He founded the Camerapix company in 1963 in Dar es Salaam and moved the company to Nairobi three years later. During the 1970s, he became one of the most relied-upon African news photographers, reporting on wars and coups all through the continent, and his pictures were often used by Western news media. Amin’s most influential moment came when his filming, along with Michael Buerk’s reporting of the 1984 Ethiopian famine brought international attention to the crisis and eventually helped start the charity wave that resulted in Live Aid concerts.
Apart from the Ethiopian famine, he contributed exclusive photos of the fall of Idi Amin and of Mengistu Haile Mariam, and was the author of numerous books, including Journey Through Pakistan, Pilgrimage to Mecca, and covered various themes like East African Wildlife and the Uganda Railway. Amin also published issues of Selamta, the Ethiopian Airlines in-flight magazine.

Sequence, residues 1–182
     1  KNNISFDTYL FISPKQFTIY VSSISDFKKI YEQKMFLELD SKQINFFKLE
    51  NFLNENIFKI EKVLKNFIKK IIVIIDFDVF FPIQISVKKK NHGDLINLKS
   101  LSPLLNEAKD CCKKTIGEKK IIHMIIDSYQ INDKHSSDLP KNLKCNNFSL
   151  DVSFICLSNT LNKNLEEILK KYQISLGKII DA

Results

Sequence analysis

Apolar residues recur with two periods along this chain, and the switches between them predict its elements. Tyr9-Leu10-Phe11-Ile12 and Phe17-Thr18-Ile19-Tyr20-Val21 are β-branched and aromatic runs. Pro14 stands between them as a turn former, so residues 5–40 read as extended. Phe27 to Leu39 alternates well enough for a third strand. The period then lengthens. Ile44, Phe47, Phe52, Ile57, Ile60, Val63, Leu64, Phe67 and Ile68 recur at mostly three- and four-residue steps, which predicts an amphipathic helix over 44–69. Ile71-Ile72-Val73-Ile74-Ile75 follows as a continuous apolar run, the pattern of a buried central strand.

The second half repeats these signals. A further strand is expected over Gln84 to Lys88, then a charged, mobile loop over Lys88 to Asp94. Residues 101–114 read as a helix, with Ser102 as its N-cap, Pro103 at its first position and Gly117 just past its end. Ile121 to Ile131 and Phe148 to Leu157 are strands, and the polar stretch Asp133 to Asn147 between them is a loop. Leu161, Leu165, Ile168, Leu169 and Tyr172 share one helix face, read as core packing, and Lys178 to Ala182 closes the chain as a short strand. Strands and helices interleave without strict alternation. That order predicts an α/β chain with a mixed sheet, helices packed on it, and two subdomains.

Amin was not only active in Africa, but also in the Middle East. He covered the Palestinian Black September uprising to seize control of Jordan in September 1970. He was able to move among the Palestinian forces where Western journalists could not.
In 1991, Amin lost his left arm during an ammunition dump explosion in Ethiopia during the Ethiopian Civil War.